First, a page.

Wednesday, February 20, 2019

Ham radio and the condo life

Ham radio from a city condo.......I have been doing it for close to 7 years now and it does have it's challenges. I have had great success with some cool world wide contacts. In Canada it's tough to get into the housing market right out of the gate so many younger ham's are getting their foot into the market with condo living. Then those ham's who are retiring and want to downsize are considering condo life as well. I am here to say that in condo life there is also ham radio!! 

Before we talk about the nuts and bolts of condo ham radio lets deal with some of the basics. I have always found it avoids condo board letters if you read and understand the rules and guidelines of your particular condo. Yes get used to it if you are going to move into a condo there are rules and expectations. What does this have to do with ham radio.........well if you are seen as a respectful owner (or renter) of the condo board, residents and property it can go a long way. For example most condo guidelines (nice condo word for RULES) do not allow "permanent antennas" on the balcony. This rule is yes for Amateur radio antennas but I believe the condo is concerned about the mini satellite dishes springing up or HD antennas. Just one of many challenges a condo radio op has to creatively deal with. In my case I have the MFJ 1788 mag loop and in my newest condo (6 months now) the antenna is portable and it not  "permanently" mounted on the balcony. In my humble opinion having a low key antenna is important. Having whip antennas extending over the balcony or wires making their way down the side of the building just invites a letter from you know who from the office of your know where!!  Like it or not we are all human and once this happens you have the microscope on you.....not a very nice situation to be in.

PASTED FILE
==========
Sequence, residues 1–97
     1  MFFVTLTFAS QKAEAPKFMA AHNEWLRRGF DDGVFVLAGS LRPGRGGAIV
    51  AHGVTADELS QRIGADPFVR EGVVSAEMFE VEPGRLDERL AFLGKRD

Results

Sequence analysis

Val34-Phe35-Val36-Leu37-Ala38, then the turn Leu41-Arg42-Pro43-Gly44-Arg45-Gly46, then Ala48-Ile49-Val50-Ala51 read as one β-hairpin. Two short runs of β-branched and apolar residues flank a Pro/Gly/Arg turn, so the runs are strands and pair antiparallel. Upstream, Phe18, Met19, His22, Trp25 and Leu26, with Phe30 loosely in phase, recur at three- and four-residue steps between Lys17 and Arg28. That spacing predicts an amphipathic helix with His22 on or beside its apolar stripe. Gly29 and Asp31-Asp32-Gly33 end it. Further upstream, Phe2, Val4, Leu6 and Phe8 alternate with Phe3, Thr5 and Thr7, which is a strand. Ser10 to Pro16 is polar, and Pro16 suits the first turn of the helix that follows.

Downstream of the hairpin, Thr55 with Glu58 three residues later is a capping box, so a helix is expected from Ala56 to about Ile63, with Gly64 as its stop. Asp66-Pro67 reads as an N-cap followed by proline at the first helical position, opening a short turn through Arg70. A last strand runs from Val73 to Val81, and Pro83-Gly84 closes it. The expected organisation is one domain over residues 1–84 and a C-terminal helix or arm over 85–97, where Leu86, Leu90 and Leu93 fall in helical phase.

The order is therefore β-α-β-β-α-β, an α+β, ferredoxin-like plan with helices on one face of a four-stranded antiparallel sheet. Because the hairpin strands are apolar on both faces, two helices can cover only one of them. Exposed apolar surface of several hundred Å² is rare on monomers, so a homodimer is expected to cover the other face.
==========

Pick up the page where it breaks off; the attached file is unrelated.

In a condo your fellow "condo-ites" are very close to you and that means RFI on your part but also on their part as well with all the unfiltered electronics on the market today. The positive outcome to this is you will become very knowledgeable on dealing with RFI. Oh and a word of advise.....I have read this in the past "go see your neighbor and suggest installing filters on their electronics" Up here in the land of snow and proverbial "thank you" we always say to apparently to everything......there is no thank you response from someone you are asking to tamper with their electronics. Rigs these days have excellent filtering and that are some accessories you can purchase to knock out the worst of offender.